The majority of the systems manufactured by Sensonor are used in other industries as well as the space segment. The space segment accounts for less than 10% of its revenue and deliveries to space customers benefit from the same production line and processes that are identical for all customers.
IMU’s and Gyro modules play a key role in many defense and space applications, and customers have high requirements for reliability and long-term stability. Certain users have requirement for up to 30 years reliability, and the best way to approach this was by designing a hermetic part.
Having had a design in the market for almost a decade, it has set the standard with respect to size, weight and connectivity, meaning that the new design had to meet an established form, fit and function. The general requirement for a new hermetic gyro module was also reflected in the space segment.
The chosen design has a hermetic aluminum enclosure with a glass-to-metal sealed electrical micro-d connector and a laser-welded lid to secure long-term hermetic operation and to conform to MIL-STD-883J, Class H.
Making a hermetic sealed design in aluminum was more of a challenge that first anticipated, and required development of new technologies, material understanding and new processes for sealing and test.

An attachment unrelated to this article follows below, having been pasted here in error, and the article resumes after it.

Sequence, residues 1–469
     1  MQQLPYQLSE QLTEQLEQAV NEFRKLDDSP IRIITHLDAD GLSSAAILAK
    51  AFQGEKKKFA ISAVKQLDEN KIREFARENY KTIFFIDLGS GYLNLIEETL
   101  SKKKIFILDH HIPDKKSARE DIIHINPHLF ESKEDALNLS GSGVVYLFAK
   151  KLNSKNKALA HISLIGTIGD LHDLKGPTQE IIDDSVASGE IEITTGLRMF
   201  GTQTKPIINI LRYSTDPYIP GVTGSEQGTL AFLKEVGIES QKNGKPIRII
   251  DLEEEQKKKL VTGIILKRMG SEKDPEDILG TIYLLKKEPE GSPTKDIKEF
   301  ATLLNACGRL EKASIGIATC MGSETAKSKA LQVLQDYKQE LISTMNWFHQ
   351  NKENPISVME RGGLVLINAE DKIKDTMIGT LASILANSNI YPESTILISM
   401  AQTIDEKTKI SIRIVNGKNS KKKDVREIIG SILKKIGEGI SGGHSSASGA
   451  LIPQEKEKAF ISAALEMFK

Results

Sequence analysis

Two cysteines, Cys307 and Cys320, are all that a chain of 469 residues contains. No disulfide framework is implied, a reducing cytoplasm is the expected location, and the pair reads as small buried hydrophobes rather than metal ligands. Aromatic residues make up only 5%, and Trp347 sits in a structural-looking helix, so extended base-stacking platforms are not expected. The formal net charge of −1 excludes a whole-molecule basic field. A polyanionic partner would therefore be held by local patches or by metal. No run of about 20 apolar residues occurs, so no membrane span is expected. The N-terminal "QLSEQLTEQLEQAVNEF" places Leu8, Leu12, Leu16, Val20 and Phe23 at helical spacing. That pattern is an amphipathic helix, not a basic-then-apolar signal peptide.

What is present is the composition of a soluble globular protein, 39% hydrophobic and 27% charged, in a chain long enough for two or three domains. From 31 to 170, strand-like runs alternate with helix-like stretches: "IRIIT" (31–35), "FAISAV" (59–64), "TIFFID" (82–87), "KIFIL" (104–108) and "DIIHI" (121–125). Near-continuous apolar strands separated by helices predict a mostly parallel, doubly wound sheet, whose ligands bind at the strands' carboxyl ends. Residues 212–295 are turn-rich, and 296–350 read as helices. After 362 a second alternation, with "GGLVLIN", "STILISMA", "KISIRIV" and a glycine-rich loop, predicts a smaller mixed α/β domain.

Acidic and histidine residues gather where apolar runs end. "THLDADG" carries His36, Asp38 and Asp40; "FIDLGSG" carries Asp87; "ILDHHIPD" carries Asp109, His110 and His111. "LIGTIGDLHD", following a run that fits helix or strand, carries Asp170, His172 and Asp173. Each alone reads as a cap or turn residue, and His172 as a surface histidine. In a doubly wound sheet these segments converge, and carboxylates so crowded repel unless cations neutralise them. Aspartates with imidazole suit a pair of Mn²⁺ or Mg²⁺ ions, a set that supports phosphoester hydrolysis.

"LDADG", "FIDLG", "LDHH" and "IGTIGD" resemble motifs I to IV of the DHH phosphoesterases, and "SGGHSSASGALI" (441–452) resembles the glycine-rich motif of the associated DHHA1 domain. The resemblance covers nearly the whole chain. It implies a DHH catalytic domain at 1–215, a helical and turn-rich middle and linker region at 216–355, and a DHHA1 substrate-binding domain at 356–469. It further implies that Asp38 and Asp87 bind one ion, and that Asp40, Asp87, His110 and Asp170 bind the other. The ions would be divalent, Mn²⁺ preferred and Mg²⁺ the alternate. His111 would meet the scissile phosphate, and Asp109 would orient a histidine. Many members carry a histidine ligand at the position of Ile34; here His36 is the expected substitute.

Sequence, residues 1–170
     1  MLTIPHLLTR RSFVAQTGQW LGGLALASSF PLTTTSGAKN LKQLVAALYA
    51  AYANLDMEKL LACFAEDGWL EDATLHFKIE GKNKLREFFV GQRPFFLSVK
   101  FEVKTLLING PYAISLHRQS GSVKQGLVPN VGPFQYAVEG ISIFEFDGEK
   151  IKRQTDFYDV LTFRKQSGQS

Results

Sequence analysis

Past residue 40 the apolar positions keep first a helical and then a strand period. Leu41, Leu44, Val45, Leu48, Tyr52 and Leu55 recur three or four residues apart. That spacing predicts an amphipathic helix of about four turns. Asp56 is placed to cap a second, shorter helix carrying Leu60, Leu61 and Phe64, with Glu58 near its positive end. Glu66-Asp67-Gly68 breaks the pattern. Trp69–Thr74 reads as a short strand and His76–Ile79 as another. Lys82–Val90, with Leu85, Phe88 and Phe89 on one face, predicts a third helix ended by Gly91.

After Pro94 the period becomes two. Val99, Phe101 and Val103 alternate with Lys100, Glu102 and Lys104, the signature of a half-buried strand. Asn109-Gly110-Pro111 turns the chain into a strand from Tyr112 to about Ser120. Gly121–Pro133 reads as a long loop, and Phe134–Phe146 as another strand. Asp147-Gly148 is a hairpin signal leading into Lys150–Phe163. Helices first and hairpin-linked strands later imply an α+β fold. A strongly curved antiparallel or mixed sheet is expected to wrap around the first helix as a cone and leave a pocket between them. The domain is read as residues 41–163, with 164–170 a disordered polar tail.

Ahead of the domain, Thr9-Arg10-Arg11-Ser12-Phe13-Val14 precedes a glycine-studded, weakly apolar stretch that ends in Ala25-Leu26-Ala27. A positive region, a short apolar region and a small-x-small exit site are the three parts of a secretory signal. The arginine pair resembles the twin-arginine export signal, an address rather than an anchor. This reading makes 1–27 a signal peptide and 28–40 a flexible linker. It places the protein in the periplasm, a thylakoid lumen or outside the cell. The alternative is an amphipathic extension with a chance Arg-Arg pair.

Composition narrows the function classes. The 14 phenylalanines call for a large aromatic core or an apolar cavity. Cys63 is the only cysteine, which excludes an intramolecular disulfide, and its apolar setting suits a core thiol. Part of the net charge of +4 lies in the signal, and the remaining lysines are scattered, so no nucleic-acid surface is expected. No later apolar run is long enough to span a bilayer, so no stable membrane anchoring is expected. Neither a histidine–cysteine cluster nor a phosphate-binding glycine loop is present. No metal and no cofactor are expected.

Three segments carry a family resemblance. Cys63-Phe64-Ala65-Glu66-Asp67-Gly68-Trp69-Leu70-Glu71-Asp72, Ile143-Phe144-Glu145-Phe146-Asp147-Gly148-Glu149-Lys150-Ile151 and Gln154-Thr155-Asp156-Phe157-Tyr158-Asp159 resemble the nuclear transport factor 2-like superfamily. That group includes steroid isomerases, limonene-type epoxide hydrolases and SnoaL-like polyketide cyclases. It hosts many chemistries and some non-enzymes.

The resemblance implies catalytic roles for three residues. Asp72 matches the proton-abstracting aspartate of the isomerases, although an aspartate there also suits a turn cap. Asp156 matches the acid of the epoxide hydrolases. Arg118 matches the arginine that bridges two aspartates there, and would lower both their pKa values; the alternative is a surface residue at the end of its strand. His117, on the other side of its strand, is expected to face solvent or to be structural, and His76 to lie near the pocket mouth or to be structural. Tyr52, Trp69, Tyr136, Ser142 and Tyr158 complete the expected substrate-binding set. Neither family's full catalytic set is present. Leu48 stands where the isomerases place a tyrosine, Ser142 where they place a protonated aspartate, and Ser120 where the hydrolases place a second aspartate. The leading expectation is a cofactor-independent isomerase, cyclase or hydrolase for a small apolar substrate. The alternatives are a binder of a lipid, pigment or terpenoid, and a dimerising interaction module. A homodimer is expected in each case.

Following 3 years of development, and a qualification program that tests for 10 and 20 years life expectancy the hermetic design is now released for production.
Additional requirements from the space community is included into the design, such as no other surface treatment than SurTec650, cleanroom packaging and a label that is optional for the user to attach to the part. The hermetic parts also address sensitivity to helium, that some customers have experienced, and that NASA also has published information on. Since certain launch vehicles have large amounts of free-flowing helium that may reach the payload, the hermetic unit makes the spacecraft design more robust for use on any launch vehicle. The hermetic gyro module benefits from the larger production runs resulting in only a marginal cost penalty for a hermetic solution whilst still supporting a space capable 3-axis gyro module for less than seven thousand dollars.
Sensonor will continue to service the space segment, and currently building the first prototypes for a new version IMU and gyro to address higher radiation levels. Several of the existing users would like to see a solution for space missions of longer duration and other orbits with higher radiation levels, while maintaining the same SWaP. Radiation testing of
this new design is planned for early 2021 with a possible product being qualified for production late 2022.
On a last note, it is also interesting to observe that Old Space has started to evaluate COTS for their missions and are adopting some of the thinking of New Space, or see the need of establishing product lines similar to those New Space has proven.